This should come as no surprise. No matter how serious or prestigious the venue, spammers will come in with their tenuous grasp of the English language and clutter up the place. While the Goodreads group spam is varied, the majority of examples fall under diets and miracle weight-loss supplements.

It’s well worth your time to check a few of them out, and not just to laugh at the terrible names (such as: Take Flat Belly Looks Awesome, Take Awesome Thin Belly and Fit Body Hurry Up, for example). The creator of Lose My Weight Just a Minute Very Soon seems to be stitching together two conversations because each sentence doesn’t fit with the one before. In fact, it’s almost like the creator can’t make up his/her mind about whether this is worth your time, eventually concluding the description with, “It wasn’t that well thought out.”

I couldn’t agree more.

Those Who Want to Talk about Movies

The next four categories are closely related. These groups indulge the people who don’t really want to talk about books at all. This may seem strange on a site dedicated to books, but I think you’ve already seen the logic so far. So … yep.

The first of these four categories is for groups that would rather talk about movies. They range from the very broad A Conversation about Film group, to the very current Movies We’ve Just Watched group, to the specific Pixar Ultimate Fan Club. Despite there being countless numbers of sites dedicated to discussing movies, these people have decided to set up shop at Goodreads. Maybe it makes them look more exclusive.

Those Who Want to Talk about Other Stuff

The theme of disinterest in books continues in this category. It’s just like the movie groups, except that any topic is fair game. Everything from a self-professed cult of David Bowie (Who can blame them?), to a bunch of Yu-Gi-Oh card collectors (It had to happen), to the obligatory conspiracy theorists (Those darn Rothschilds). There’s even a serious campaign against slavery, though I’m led to understand that Goodreads pays all its employees fairly (Three beans per hour).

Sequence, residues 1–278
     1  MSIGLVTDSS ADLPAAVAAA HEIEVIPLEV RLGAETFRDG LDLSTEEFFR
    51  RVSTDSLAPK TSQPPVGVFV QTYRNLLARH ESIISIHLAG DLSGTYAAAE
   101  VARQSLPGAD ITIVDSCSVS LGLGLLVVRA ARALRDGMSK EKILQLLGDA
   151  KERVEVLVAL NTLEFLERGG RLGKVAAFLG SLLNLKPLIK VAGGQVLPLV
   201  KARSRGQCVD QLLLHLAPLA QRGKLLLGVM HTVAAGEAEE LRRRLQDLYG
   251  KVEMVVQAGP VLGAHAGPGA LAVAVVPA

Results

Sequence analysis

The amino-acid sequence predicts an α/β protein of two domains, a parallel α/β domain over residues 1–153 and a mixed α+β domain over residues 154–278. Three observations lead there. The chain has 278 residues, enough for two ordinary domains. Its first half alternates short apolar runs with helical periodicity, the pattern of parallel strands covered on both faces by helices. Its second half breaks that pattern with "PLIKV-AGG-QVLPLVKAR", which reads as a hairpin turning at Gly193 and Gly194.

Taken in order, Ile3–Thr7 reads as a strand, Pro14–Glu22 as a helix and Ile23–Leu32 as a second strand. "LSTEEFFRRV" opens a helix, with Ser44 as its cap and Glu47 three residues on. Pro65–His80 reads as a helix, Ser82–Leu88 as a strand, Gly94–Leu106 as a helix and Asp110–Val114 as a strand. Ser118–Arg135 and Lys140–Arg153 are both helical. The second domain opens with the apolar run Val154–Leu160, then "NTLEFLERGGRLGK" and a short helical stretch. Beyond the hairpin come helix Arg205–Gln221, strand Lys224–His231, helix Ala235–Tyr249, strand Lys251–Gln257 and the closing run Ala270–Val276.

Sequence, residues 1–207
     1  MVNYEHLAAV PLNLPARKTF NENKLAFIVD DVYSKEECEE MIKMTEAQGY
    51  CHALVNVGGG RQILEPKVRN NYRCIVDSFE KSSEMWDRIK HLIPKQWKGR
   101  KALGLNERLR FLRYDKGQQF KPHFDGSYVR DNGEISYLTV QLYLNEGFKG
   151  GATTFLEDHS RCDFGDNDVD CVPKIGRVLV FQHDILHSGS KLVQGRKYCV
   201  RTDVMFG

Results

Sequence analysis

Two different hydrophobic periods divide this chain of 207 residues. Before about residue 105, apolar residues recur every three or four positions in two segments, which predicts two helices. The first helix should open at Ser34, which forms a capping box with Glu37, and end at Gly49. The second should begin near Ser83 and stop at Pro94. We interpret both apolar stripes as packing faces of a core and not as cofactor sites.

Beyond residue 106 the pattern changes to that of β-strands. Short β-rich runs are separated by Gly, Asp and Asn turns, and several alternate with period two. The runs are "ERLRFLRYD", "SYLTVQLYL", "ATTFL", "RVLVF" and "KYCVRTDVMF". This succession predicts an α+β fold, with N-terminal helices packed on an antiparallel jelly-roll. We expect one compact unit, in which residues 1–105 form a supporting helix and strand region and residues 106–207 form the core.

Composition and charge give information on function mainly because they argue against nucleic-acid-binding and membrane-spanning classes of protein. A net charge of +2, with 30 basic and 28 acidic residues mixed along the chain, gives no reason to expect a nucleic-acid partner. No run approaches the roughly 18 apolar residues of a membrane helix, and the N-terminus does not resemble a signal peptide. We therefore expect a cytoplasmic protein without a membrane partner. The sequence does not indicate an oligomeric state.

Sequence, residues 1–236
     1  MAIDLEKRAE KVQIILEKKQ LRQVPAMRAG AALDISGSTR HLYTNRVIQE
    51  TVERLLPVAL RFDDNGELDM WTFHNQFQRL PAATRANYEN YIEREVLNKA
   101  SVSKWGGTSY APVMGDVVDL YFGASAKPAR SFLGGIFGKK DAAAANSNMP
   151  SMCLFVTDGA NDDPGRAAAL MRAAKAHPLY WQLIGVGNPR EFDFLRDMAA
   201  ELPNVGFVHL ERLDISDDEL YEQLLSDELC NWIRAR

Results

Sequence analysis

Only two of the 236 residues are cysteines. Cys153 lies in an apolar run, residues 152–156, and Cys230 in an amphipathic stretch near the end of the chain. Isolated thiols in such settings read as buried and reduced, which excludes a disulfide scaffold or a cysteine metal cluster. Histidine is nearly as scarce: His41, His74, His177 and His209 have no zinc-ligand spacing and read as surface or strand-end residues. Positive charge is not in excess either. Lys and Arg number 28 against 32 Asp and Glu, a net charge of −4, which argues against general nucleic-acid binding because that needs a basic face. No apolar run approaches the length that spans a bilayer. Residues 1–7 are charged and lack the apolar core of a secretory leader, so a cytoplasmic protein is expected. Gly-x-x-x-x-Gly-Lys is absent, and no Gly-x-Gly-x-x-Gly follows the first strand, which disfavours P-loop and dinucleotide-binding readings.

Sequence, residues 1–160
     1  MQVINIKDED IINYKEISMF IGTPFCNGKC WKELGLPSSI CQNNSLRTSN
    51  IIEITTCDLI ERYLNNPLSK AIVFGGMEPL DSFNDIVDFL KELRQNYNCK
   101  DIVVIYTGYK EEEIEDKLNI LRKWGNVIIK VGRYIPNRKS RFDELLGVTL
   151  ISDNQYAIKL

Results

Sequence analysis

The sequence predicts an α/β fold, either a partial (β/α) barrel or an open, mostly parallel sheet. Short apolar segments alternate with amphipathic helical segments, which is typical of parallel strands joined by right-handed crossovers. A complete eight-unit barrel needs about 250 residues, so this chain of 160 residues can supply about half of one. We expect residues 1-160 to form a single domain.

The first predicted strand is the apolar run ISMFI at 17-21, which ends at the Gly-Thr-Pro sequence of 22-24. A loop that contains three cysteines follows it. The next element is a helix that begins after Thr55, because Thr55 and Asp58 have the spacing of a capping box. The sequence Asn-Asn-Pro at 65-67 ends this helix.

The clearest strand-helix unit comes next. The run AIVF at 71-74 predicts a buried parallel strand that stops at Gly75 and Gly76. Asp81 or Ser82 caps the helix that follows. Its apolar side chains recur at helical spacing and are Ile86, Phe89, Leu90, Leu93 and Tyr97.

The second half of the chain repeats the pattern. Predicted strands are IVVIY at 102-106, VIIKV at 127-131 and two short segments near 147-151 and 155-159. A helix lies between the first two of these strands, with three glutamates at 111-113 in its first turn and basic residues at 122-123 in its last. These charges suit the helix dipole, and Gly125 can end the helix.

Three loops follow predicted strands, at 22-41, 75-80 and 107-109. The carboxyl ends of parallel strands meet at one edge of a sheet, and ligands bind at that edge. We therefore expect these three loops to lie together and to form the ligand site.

The only recurring theme with these groups is the apparent disregard for reading in general. There’s nothing wrong with these interests. Who doesn’t have a customizable card game in the back of their closet, just waiting to be optimized? But there are hundreds and thousands of other sites dedicated to these interests specifically, where people can interact with those who love the same things. Why are all these people creating groups on Goodreads?

There’s got to be a conspiracy theory that explains this one.

There is one exception, though. There is one group that’s completely unrelated to literature, but I cannot think of a single other place on the Internet where these eight people belong, so it might as well be on Goodreads. A kind-hearted woman created a group for the sole purpose of thanking the medical team that removed an 11lb. mole from the back of a six-year-old boy. She doesn’t know the boy or anyone else with oversized moles; she just read an article about the operation and felt like it was the right thing to do. I don’t know about you, but I’m definitely joining this group.

Those Who Want to Complain about Something

Next we have people who want to talk, but not about what they love. They want to talk about what really gets their biscuits a burnin’. What’s most surprising is that some of the groups don’t particularly care what your problem is; they just want you to complain about it.

Some of these groups, such as the Relief group, want to help you move on from your troubles, whereas others, such as The Vent, just want you to scream good and loud. Given all the explosion imagery accompanying this group page, you’d think that the vitriol flows free and deep. It turns out that most of the posts are relatively mundane, and the good rants are over pretty quickly. Maybe they get tired and go back to reading a book after a certain number of words.